River Hills sees issues with I-43 project

Published on: 7/22/2013

River Hills — Village Board members cited noise pollution as a top concern surrounding the Interstate 43 reconstruction project.

The Village Board heard an update from the Wisconsin Department of Transportation July 17 about the reconstruction of a 14-mile stretch of I-43 from Silver Spring in Glendale to Highway 60 in Grafton. The project is in the planning stages, with construction tentatively slated for 2020.

As planning progresses, with a third public information meeting in August, DOT presented noise and stormwater studies to the River Hills Village Board. Though the DOT continues to narrow down the design options, the noise study did not come up with a cost-effective reason to put a sound barrier along the portion of the interstate that runs through River Hills, much to the dismay of the board.

'You have the most expensive real estate in the state in this square mileage area and it's getting killed by highway noise,' Village Board Member Michael White said.

Noise study does not warrant barrier

DOT Noise and Quality Engineer Jay Waldschmidt said they have studied all possible noise barriers along that section of highway. Taking into consideration what the Federal Highway Administration allows for noise ranges, they looked at ways to create the lowest reduction — including using the most expensive barriers — and the results did not warrant one.

'We could not come up with a cost-effective reason to put a barrier in River Hills,' he said.

The Federal Highway Administration traffic noise model concluded that noise increasing along the interstate will be minimal. The project is meant to deal with current congestion on the interstate; the number of cars, and subsequently the amount of noise, won't increase because of it.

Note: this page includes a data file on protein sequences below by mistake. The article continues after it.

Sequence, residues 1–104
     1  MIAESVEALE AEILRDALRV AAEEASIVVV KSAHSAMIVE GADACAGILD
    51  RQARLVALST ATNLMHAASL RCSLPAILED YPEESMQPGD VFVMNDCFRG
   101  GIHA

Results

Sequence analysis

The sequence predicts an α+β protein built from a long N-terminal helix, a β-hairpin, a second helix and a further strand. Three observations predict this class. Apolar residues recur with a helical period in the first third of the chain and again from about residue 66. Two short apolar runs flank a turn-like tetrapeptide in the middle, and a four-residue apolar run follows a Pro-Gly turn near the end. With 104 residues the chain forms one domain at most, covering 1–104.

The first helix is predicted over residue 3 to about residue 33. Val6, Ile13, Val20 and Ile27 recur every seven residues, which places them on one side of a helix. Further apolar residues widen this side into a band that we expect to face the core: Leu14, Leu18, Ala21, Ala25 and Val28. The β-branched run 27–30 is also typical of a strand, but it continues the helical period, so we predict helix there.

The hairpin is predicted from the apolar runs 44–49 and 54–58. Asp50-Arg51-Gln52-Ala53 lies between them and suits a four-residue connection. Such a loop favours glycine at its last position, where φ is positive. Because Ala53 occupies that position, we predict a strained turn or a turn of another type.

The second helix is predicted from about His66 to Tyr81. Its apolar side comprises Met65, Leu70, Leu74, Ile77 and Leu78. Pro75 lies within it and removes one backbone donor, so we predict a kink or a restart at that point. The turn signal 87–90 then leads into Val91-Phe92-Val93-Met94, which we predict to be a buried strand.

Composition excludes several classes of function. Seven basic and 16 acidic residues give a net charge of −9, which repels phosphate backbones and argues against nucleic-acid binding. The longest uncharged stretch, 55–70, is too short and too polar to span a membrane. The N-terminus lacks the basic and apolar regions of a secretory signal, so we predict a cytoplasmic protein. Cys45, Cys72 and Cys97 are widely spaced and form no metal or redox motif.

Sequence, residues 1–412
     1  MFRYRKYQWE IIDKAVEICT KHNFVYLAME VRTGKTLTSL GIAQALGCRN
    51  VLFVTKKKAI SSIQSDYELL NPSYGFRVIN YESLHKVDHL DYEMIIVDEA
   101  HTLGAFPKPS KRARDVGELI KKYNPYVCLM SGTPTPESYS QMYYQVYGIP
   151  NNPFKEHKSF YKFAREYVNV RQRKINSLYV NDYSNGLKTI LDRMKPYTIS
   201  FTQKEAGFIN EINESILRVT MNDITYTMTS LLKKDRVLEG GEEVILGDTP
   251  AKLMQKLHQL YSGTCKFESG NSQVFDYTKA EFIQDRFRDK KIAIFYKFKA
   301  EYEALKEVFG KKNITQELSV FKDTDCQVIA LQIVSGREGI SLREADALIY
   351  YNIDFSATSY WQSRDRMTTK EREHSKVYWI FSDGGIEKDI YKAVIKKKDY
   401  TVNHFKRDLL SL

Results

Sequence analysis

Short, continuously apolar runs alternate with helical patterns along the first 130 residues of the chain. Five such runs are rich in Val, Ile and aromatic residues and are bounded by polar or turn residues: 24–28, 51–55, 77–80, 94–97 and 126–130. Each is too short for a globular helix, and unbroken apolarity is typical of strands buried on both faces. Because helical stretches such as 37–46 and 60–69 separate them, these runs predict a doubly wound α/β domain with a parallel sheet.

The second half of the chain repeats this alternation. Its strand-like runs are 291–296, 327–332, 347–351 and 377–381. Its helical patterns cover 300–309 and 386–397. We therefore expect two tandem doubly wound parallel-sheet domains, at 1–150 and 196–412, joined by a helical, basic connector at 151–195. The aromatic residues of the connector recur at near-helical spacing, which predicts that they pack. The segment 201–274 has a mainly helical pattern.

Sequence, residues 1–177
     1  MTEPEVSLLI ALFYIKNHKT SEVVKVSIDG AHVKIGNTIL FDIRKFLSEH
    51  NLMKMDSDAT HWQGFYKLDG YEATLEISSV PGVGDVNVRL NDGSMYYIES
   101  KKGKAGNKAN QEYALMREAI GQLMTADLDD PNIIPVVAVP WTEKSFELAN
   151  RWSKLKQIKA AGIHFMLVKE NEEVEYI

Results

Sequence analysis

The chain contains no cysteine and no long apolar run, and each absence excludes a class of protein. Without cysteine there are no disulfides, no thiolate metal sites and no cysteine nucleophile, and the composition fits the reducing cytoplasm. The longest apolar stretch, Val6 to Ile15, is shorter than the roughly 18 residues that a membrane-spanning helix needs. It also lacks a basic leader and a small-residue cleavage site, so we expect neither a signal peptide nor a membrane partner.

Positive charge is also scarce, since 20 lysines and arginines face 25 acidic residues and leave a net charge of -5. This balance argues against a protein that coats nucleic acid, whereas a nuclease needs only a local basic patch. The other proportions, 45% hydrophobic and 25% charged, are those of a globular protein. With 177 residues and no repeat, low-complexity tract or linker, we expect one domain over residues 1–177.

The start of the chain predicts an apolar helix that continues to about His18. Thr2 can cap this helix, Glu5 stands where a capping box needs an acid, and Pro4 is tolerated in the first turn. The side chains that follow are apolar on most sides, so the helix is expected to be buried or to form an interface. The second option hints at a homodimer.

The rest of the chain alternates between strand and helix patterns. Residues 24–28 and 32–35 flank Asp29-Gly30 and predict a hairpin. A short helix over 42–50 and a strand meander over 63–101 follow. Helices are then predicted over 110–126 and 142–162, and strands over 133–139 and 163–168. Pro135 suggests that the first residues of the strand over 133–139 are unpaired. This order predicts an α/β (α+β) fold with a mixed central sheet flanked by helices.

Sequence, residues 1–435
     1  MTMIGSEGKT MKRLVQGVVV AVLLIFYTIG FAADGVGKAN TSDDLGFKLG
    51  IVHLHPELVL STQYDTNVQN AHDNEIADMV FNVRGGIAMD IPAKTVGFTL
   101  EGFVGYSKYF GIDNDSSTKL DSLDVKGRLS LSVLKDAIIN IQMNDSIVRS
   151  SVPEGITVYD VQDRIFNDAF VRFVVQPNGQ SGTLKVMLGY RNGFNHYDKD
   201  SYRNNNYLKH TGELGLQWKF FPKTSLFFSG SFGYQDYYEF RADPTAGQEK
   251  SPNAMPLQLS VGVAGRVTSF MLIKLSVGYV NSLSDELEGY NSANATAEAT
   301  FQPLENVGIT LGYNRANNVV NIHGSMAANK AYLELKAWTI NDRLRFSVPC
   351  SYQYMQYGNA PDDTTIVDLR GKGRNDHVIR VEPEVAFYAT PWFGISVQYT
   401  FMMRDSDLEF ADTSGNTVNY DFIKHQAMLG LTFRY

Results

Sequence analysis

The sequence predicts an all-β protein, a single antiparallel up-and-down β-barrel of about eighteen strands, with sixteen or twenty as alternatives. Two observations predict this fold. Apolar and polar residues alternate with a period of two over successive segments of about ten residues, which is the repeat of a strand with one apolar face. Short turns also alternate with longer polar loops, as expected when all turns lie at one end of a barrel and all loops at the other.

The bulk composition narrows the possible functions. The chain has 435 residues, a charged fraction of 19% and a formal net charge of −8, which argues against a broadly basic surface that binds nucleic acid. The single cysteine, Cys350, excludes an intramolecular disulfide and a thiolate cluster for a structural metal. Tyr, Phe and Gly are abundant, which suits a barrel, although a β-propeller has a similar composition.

'One thing to remember is if we have a four-lane freeway and we add a third lane and now we have six lanes, we have not doubled the traffic,' said John Jaeckal, environmental quality engineer from HNTB Companies.

Possibility of berms

White said the current noise conditions are hindering the sale of the homes along the interstate and some sort of noise barrier should be implemented as part of the project. If a noise barrier would not be effective, board members asked the DOT to look into adding dirt berms by those River Hills residences to block some of the noise, saying it would be less expensive to keep dug-up dirt from the project on-site.

Project Manager Steve Hoff said that would be up to the individual property owners to decide if they would want a berm in front of their house or not. He said the DOT can mandate where the dirt goes in contract documents for the project; however, at this point no promises can be made in terms of noise abatement.

Hoff said the DOT is beginning conceptual environmental impact statements and it could be four years before any hard decisions are made.

No changes for stormwater runoff

The DOT also presented findings of a stormwater study that looked at quality and quantity of stormwater resulting from the interstate reconstruction. Because of the additional lanes, there will be additional stormwater runoff.

Despite the additional runoff, Hoff said there should not be any changes to the drainage pattern, nor will there be a net increase of stormwater going through the current watershed. This is because the addition runoff will be handled in the confines of the freeway.